Part 1: An Invitation to Prague
By Amanda Perkins, Curlew Country Project Manager
In the middle of September Tony Cross, the project’s Consultant Ornithologist, and I were privileged to attend the International Wader Study Group Conference in Prague. A workshop on the plight of curlew had been organised as part of the event and we had been encouraged to make a presentation about the Curlew Country project. When I told Tony about the requests to make a presentation, he said that we should not do it because the presentations were generally very academically inclined. As most other research is being led by scientists (often university based) he felt that we were not up to that standard of presentation. In addition the request for presentations to be submitted was sent out in the middle of the curlew nesting season when we had other priorities.
Time went on and when requests for our participation were repeated, I expressed our reservations, but other national project partners felt that it was worthwhile having a contribution from a different sort of project. In the end we sent in our presentation very last minute, with the caveat that it could be used or not to suit the organisers and we would be attending the conference to participate at whatever level.
Our last minute entry was certainly rather a light presentation in comparison to the many impressive and detailed reports, detailing fantastic work being done around the globe to attempt to reverse the dramatic decline in so many wader species.
There were presentations on breeding, migration and stopovers, foraging and ringing. Some dedicated scientists have been studying waders for 20 years to gather important medium term data that could help secure a future for them. The UK was well represented. Jen Smart, RSPB, delivered an excellent plenary session to the workshop day (which had three parallel workshops running – one on lapwing which we were sorry not to be able to attend) about work undertaken to manipulate and manage habitat for enhanced wader breeding success. On curlew Rachel Taylor, BTO gave a fascinating presentation on her ground-breaking work in north Wales where she has been GPS tagging curlew to assess use of their foraging sites. Irene Tomankova gave an overview of the work that the RSBP are doing on curlew recovery in upland areas, and we talked about our project more relevant to the non-high ground of the UK. There was feedback from the Lapwing Workshop that GWCT had delivered some good presentations on lapwing too, and then later on the inspirational black tailed godwit headstarting work, being led by WWT in collaboration with the RSPB, was presented.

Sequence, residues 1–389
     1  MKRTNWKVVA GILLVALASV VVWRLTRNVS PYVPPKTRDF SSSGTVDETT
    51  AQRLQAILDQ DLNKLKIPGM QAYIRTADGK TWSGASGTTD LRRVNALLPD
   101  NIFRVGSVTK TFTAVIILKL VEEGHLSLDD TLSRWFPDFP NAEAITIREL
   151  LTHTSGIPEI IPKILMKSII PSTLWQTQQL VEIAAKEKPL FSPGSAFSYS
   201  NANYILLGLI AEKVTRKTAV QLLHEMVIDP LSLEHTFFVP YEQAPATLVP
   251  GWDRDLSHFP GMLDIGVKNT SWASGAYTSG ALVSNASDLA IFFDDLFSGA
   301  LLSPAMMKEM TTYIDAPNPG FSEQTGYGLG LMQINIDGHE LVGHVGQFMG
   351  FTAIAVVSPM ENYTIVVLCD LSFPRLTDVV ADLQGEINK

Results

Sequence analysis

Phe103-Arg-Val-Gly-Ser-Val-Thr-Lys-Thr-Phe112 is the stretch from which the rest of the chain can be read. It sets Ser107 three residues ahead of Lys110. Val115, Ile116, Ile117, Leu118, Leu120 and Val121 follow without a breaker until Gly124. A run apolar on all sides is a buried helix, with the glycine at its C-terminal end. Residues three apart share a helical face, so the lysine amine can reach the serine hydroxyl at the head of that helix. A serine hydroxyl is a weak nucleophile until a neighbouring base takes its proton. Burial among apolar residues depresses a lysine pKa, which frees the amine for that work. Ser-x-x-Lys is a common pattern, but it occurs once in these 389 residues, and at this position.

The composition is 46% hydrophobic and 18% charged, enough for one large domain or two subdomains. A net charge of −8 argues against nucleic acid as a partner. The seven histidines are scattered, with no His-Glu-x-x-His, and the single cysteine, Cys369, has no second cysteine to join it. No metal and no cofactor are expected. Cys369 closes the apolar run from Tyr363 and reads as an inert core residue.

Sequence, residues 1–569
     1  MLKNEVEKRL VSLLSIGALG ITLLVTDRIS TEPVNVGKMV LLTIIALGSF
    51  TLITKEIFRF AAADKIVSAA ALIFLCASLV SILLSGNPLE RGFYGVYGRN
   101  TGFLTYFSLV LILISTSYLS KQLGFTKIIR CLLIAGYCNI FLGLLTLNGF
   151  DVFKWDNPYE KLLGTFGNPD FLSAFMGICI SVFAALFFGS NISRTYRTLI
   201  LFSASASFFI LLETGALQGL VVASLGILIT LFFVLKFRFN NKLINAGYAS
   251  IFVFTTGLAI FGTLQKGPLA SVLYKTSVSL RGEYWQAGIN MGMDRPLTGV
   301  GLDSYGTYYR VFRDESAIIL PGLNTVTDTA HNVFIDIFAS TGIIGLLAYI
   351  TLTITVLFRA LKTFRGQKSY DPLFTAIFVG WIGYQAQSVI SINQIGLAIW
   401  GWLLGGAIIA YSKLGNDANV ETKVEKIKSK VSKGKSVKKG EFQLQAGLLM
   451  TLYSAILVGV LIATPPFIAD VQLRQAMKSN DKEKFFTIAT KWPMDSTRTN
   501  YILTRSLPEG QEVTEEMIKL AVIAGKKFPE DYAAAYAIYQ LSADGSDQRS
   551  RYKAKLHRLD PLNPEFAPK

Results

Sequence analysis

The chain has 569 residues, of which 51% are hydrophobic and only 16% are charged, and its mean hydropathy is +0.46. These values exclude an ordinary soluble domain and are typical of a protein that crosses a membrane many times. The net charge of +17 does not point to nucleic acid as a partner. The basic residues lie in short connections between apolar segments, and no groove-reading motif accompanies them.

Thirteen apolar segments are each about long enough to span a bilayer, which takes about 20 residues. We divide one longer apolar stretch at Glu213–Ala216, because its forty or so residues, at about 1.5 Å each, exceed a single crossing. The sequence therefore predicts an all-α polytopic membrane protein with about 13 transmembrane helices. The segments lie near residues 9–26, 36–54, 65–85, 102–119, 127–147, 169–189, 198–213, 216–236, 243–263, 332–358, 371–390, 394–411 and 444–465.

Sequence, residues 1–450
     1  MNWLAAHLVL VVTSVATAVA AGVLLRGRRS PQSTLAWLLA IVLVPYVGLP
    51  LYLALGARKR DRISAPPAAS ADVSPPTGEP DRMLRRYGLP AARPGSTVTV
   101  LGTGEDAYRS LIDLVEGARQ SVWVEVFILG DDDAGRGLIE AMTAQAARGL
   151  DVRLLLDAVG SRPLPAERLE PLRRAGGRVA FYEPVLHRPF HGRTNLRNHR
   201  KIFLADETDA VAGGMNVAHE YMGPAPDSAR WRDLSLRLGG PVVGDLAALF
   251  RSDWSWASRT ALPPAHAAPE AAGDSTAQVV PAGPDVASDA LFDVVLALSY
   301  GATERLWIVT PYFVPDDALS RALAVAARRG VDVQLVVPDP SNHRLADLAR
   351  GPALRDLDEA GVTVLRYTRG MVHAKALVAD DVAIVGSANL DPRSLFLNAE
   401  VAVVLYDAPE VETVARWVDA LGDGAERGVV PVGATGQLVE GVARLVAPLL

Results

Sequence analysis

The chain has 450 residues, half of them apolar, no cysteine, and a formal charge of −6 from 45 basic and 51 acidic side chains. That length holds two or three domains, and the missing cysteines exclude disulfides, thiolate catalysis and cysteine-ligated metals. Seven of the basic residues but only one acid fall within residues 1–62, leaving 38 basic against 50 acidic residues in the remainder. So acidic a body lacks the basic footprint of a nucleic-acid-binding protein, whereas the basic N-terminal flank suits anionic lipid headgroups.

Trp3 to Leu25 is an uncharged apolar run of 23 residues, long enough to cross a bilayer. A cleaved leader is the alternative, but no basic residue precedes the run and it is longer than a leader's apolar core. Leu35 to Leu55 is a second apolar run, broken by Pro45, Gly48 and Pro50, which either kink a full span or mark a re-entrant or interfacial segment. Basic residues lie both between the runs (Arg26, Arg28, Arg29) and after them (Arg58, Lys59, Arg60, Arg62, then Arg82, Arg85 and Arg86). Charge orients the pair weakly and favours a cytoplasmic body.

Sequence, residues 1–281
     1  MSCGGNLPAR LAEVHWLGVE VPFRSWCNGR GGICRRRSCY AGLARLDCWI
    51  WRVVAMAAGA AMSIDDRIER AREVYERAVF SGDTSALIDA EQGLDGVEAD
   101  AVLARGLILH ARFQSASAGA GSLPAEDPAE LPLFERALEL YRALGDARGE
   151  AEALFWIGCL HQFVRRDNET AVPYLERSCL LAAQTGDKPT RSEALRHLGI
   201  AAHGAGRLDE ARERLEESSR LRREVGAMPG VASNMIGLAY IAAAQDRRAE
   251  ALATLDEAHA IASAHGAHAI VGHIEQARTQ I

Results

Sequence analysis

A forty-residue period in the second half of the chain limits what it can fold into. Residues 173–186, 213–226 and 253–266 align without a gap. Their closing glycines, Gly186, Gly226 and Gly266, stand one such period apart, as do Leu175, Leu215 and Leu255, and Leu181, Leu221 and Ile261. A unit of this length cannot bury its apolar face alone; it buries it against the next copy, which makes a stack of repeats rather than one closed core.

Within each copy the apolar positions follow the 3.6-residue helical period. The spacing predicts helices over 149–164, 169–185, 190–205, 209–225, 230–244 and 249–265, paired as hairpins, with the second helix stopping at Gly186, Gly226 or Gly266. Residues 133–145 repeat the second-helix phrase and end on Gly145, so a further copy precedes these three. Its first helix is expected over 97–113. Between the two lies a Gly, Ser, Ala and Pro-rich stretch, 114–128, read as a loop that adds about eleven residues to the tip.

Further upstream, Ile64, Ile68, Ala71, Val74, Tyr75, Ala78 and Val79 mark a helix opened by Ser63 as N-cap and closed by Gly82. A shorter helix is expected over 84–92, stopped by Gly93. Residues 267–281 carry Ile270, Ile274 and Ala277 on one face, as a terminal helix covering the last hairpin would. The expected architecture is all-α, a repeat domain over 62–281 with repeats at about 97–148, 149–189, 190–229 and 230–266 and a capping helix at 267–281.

Across Germany, Poland, the Netherlands, France, Estonia, Spain, The Czech Republic, Russia, Sweden, Ireland and Tunisia a number of good projects are trying to reverse curlew and lapwing decline and are leading the field in several areas. The habitat varies, but the over-riding problems are often the same. There were some notable success stories mainly among other species and sadly generally on a small scale, but even so an informed, active and capable bunch of people passionate about reversing wader fortunes are not managing to recover sustainable populations. Human demands are placed higher than those of other species worldwide and battling this seems almost impossible. Commercial and populist pressures for increasing amounts of ever cheaper food limiting farmers’ capacity to deliver alternatives seem unbeatable, if environmental outcomes cannot be sustainably funded on a longer term basis than most current agri-environment schemes.